3) Consciousness. It takes real effort to locate the energy needed to pursue one’s personal commercial mission consistently, every day. It is akin to the energy that entrepreneurs use to create entirely new enterprises out of ideas. Consciousness gives rise to awareness and presence, and is the source of confidence in one’s ability to get things done—even in the face of adversity. Awareness goes right to the heart of the Morning Star Colleague Principles—understanding one’s Rings of Responsibility requires a clear scope of awareness, especially in the primary ring.
4) Contribution Mindset. Peter Drucker talked about a contribution mindset in his 1966 book, The Effective Executive. A half-century later, that mindset applies to everyone who wants to be an effective self-manager in a self-managed enterprise. This competency is referenced in the Morning Star Colleague Principles, which create an affirmative obligation for individuals to share relevant information with colleagues even when not expressly requested.
5) Low Power Distance Sensitivity. Power distance refers to the concept of deferring to individuals perceived to have more power than oneself. In a self-managed environment (where collaboration is highly valued), there is an unofficial hierarchy of credibility, which springs from experience, trust, communication, and a host of other factors. This is not the same thing as a hierarchy of power based on command authority or control of others. Effective self-managers will find ways to express themselves to anyone in the organization, and will listen to anyone and everyone who wishes to talk with them. To cut off colleagues based on perceived status is to cut off information, the lifeblood of a self-managed organization. Communication is everything.
More information about the above from the author is in this video:
From Tony:
I was on a Skype call with Frederic Laloux, the author of Reinventing Organizations. During our call, he said that as we move towards a Teal, no-manager organization, there are two really important things that we should make sure we have in place to make sure employees still perform and are still accountable to the organization even though there are no more managers.
First, in the human body, there are antibodies that get activated when there’s a virus or disease. We need to make sure we have the same thing in our organization. We need to figure out what the antibodies are for when a small number employees take advantage of the freedom gained from being in a no-manager organization, or else it will demoralize the other employees. He said that in general, research has shown that peer-pressure based systems work the best. For certain types of job functions where there are easy metrics to measure performance, a public leaderboard ranking will naturally create peer pressure by showing which teams are performing and which aren’t. For other types of job functions where metrics are more difficult to come by, regular peer-based presentations have been shown to be really effective, where each team presents to the other teams (once a quarter) what they are working on and why it is adding value to the company, and that will create a natural peer pressure. He suggested simply asking employees for their ideas on how to create the peer pressure and to give them the antibody analogy/framework and encourage employees to figure out the antibody systems themselves rather than try to design it from the top down.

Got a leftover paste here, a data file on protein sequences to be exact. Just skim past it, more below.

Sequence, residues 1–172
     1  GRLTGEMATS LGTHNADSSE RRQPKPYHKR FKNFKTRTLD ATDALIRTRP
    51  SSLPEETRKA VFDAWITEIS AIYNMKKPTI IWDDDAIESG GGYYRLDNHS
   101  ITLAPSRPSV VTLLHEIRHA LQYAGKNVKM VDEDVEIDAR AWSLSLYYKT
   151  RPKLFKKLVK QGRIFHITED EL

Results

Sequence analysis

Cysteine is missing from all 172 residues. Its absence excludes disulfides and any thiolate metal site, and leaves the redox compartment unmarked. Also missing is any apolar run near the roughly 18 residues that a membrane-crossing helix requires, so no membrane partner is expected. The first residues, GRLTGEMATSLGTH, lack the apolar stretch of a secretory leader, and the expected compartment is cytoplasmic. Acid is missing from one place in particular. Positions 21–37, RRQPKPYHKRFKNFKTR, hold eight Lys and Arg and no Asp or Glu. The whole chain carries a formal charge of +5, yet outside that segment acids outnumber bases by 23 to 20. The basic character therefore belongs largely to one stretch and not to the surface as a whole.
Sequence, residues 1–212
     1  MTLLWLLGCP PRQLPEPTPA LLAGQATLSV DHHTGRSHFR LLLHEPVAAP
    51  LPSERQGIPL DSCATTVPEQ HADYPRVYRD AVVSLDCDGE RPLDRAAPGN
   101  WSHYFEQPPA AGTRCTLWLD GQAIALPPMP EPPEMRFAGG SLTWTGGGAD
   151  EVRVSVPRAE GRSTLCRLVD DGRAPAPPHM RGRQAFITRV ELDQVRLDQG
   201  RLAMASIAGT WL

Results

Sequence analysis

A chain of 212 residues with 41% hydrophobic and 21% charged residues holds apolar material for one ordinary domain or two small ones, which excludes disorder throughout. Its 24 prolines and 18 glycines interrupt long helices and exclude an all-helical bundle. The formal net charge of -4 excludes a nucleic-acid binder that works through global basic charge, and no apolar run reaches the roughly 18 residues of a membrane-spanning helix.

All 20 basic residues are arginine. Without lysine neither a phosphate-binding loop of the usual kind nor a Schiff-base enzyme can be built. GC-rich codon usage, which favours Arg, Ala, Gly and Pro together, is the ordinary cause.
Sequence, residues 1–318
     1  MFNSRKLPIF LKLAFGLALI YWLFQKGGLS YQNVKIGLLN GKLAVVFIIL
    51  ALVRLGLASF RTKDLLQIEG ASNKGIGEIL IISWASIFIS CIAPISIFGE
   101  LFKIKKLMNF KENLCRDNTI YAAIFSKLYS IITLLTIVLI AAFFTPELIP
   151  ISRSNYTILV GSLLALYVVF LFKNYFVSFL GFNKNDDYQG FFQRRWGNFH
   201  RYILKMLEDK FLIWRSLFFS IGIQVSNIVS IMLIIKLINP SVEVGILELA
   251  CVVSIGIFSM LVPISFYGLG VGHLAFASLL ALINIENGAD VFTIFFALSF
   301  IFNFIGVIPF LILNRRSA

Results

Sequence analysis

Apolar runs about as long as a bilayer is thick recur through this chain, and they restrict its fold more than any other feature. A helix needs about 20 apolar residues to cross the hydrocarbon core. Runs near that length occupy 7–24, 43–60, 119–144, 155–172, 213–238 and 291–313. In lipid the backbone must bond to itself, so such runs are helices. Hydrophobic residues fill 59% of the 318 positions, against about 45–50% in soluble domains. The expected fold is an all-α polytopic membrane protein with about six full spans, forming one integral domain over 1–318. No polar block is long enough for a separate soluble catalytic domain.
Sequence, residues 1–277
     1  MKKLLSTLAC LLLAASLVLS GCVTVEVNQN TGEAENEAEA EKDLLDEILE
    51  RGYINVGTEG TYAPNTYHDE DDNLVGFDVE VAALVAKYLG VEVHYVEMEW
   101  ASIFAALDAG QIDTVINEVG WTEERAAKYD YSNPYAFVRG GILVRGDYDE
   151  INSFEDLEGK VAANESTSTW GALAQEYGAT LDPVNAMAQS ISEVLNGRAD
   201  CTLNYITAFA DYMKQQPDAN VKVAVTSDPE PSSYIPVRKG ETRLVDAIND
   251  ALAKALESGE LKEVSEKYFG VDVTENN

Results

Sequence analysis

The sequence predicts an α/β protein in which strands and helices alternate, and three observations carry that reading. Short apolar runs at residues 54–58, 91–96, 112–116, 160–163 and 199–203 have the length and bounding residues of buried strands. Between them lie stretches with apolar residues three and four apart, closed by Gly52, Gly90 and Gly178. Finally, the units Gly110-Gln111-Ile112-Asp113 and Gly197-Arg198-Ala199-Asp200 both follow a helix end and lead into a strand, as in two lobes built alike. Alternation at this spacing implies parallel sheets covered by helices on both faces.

Second, as we move towards self-management and self-organization, we need to have a clear process for conflict resolution. There’s already a clear system described in the book (meet 1-1, and if that doesn’t work escalate to peer council, and if that doesn’t work then escalate to the CEO), which seems like an easy starting point that we can adjust as we learn what works and doesn’t work. However, conflict resolution starts with the expectation that employees are responsible for taking the first step and having a 1:1 conversation with whomever they are having a conflict with (instead of going to their manager for example). He said the most important thing is the need to have a strong conflict resolution process clearly communicated and clearly understood by everyone so employees know what to do.
As previously stated, self-management and self-organization is not for everyone, and not everyone will necessarily want to move forward in the direction of the Best Customers Strategy and the strategy statements that were recently rolled out. Therefore, there will be a special version of “the offer” on a company-wide scale, in which each employee will be offered at least 3 months severance (and up to 3 months of COBRA reimbursement for benefits) if he/she feels that self-management, self-organization, and our Best Customers Strategy and strategy statements as published in Glass Frog are not the right fit. (For employees that have been with Zappos for 4 or more years, the offer will be 1 month for every year worked at Zappos, along with up to 3 months of COBRA reimbursement for benefits.)